Track transitions/virtual page views in single-page apps.
Track non-page view events, such as in-page dialogs or video/media playback.
NOTE: If you use Google Tag Manager to use Leadfeeder Tracker, remember to add <script> before the script and </script> to the end of the script.
The Leadfeeder tracker script exposes a set of methods for the web page to call if needed. All these methods exist under the window.ldfdr -object in the page.
Sends a page view event. It supports arguments as an object.
pageTitle: "Example page"
If the arguments are not present, it will default to window.location.href for pageUrl and document.title for pageTitle.
For SPA tracking, calling window.ldfdr.pageview()without arguments after a state change is usually enough as new pageUrl and pageTitle will be automatically picked up.
Additionally, you might want to prevent double tracking by disabling automatic sending of the tracking event on each page load. This change needs to be done inside the code snippet used for loading the tracking script (check GTM or your website's code).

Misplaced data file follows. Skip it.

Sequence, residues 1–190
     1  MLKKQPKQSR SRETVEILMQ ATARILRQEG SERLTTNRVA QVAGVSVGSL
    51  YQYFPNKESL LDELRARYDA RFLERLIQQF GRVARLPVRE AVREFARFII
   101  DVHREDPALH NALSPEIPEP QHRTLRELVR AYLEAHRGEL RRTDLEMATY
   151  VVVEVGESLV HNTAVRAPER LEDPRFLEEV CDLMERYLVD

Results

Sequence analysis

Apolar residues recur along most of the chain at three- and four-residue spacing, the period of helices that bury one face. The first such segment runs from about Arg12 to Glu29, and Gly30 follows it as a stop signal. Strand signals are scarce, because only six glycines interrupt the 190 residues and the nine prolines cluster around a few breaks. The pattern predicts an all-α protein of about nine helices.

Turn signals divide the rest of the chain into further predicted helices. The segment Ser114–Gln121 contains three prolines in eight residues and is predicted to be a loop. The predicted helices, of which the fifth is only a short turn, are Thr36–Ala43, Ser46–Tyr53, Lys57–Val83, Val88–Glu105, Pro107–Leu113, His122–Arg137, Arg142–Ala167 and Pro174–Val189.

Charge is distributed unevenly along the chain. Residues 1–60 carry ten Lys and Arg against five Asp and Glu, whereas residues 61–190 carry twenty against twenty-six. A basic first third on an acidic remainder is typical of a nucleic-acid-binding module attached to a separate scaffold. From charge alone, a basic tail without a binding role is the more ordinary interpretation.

If you use Leadfeeder’s Google Tag Manager template, another option is that you unselect Automatic tracking as shown in the picture below:
Returns an array of all tracker instances on the page. See getTracker() below for details on how to interact with the tracker instances.
Get a tracker instance by trackerId. For the tracker instance following methods are supported:
var tracker = window.ldfdr.getTracker("abcdef");
// Sends a pageview to specific tracker, supports
//same arguments as pageview() above
You can obtain the Leadfeeder clientId with the following call:
ClientID is the visitor ID that is stored in the Leadfeeder cookie. It matches to the lf_client_id field that is returned from the Leadfeeder API's visits end-point.
STEP 1: Add a new Custom HTML tag in your Google Tag Manager.
STEP 2: Name as appropriate.
STEP 3: Add the following code to HTML section:
STEP 4: Configure a trigger for "History change".
STEP 5: Test in Google Tag Manager’s Debug mode.